Player profile: Colby Lewis

Player profile: Colby Lewis

Credit: Getty Images

Starting pitcher Colby Lewis #48 of the Texas Rangers pitches against the Seattle Mariners during the spring training game at Peoria Stadium on March 9, 2014 in Peoria, Arizona. (Photo by Christian Petersen/Getty Images)

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by EDDIE MIDDLEBROOK

WFAA Sports

Posted on March 15, 2014 at 3:12 PM

Updated Saturday, Mar 15 at 3:20 PM

2013 Stats: 0-1, 7.00 ERA in Double-A Frisco, 0-1, 9.00 ERA in Triple-A Round Rock

Salary: Minor league contract

Each week, we will look at key players on the Texas Rangers 25-man roster, and this week we look at the Rangers’ veteran starter, Colby Lewis. 

Year in Review: After undergoing season-ending right hip resurfacing surgery on August 22, 2012, Lewis spent all of 2013 trying to do something no MLB player has done before, play again after such a procedure. 

Back in May, Lewis was topping out at 87 mph while sitting at 85-86 mph during rehab starts with Frisco. 

"I definitely need more reps," Lewis said. "I definitely need to get my arm strength up. Throwing 85 or 86 isn't going to cut it."

The 2013 season was frustrating for the 34-year-old veteran, but hope is on the horizon.

Career: Lewis’ career numbers of 44-44, 4.76 ERA, 96 ERA+ and 5.6 rWAR during eight seasons don’t tell his story. Colby etched his name in Texas Rangers lore when he was the anti-C.J. Wilson in the 2010-11 postseasons. Lewis becomes another pitcher in October: 4-1, 2.34 ERA, 50 IP, 44 Ks and 1.08 WHIP. In three World Series’ starts, he is 1-0 with a 2.29 ERA in 19.2 IP. 

In the 2010 postseason, when Clifton Phifer Lee was stealing all the headlines for his performance, Lewis pitched better over the course of the three series. 

It is these moments that will have fans clamoring for Lewis to be in the Rangers Hall of Fame when his career is done. 

Colby profiles as a strikeout pitcher despite a four-seam fastball that hasn’t averaged 90 mph since 2010. He has a propensity for giving up homeruns (1.4 per nine innings in 2012), but has excellent command of his pitches (6.64 K/BB ratio). Lewis primarily throws his four-seam and two-seam fastballs (60% usage combined) while mixing in a slider (21%). He rarely throws the curve and change as they are both only thrown 9% of the time.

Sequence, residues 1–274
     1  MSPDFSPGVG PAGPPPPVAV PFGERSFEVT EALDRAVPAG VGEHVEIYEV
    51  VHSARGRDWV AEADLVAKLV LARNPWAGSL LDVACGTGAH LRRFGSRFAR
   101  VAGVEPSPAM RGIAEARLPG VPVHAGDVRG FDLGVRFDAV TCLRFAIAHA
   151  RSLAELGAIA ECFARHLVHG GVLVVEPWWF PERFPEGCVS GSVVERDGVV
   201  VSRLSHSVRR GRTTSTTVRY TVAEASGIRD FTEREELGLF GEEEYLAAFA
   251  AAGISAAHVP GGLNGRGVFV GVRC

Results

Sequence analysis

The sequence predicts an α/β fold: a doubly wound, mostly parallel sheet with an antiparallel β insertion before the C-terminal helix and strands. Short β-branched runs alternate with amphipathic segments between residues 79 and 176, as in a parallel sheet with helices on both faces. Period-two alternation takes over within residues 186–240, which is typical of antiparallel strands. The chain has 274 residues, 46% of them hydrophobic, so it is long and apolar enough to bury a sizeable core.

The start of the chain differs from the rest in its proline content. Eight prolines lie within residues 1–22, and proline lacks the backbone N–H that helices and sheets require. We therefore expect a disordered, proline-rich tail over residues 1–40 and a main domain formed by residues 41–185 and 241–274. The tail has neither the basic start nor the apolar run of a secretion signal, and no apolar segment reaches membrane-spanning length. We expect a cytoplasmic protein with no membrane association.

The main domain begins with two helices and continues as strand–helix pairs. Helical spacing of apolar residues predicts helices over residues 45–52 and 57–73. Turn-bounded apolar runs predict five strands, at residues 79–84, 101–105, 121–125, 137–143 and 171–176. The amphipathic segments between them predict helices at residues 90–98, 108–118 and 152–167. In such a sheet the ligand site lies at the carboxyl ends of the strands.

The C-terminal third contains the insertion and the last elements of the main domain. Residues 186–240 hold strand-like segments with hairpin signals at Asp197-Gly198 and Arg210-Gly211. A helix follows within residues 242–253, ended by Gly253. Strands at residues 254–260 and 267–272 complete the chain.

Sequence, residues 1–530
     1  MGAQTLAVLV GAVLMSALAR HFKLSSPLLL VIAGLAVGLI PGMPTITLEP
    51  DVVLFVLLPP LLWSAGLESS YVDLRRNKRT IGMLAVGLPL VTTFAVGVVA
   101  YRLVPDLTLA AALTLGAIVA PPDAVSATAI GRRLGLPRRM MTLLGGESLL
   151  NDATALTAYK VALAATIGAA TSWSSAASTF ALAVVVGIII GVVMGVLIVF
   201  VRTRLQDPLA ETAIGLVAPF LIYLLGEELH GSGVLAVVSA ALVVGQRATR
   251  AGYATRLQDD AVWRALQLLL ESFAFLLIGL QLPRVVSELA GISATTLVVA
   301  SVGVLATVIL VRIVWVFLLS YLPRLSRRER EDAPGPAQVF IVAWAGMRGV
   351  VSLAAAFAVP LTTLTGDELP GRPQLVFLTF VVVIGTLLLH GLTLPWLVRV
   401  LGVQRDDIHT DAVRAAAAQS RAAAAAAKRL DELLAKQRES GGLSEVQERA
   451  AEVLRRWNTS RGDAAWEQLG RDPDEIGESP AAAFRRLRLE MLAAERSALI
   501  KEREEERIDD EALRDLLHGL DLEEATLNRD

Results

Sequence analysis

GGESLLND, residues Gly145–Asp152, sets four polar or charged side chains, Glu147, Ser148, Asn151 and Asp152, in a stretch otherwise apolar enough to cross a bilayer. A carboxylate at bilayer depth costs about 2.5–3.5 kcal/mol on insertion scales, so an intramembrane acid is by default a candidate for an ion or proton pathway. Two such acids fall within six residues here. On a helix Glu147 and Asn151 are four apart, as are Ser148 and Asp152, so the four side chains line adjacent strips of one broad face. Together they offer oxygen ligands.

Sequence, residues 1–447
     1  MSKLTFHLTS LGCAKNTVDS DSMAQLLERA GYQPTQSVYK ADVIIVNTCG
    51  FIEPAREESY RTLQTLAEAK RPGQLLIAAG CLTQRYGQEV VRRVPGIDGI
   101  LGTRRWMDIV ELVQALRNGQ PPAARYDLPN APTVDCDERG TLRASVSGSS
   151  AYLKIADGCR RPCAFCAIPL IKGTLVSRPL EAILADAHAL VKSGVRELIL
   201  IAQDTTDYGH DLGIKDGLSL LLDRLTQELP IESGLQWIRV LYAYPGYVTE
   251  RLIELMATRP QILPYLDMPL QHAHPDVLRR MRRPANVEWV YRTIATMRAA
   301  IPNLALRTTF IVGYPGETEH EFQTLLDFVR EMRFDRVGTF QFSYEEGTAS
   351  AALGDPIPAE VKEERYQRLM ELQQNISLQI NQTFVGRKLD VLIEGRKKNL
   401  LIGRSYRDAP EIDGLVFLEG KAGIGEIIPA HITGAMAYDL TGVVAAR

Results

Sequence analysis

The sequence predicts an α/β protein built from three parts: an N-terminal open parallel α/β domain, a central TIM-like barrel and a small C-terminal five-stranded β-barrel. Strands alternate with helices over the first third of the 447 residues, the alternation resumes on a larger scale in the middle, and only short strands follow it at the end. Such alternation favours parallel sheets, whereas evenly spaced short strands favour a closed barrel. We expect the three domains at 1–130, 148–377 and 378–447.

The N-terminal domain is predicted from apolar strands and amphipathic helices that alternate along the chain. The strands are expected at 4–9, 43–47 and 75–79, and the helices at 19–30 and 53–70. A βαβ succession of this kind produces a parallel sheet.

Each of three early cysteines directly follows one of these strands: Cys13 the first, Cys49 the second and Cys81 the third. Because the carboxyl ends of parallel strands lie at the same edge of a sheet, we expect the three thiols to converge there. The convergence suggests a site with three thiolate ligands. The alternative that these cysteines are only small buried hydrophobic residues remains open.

2014 season: When the Rangers signed Lewis to a minor league back in November, I thought it was more of a publicity stunt than something that could benefit the 2014 club. 

While he might not be on the 25-man roster March 31, Lewis looks to have a shot to join the club soon after. If he does, he be only the second professional athlete in one of the four major sports to come back from hip resurfacing surgery (the other being Florida Panthers defenseman Ed Jovanski January 3, 2014). 

As you can imagine, it must be hard to predict Lewis’ 2014 season but ZIPS has him at 5-4, 4.85 ERA, 78 IP, 89 ERA+ and worth 0.6 wins. 

While those numbers don’t look impressive, they would be no small feat for somebody that has worked as hard as Lewis has to get back in the game. Much like Michael Young was for young hitters, Lewis’ true value is his ability to mentor young pitchers on the staff. 

I feel like I’m where I wanted to be,said Lewis, who last pitched in a regular-season game on July 18, 2012. “I wanted to put myself in a position to win a spot in the rotation right out of spring training. As long as I can continue to stay healthy, that’s where I want to be.” 

Everyone associated with the Texas Rangers franchise is pulling for him. 

Eddie Middlebrook also writes for Paranoid Fan as a MLB and College Football contributor. He can be on Twitter @emiddlebrook.


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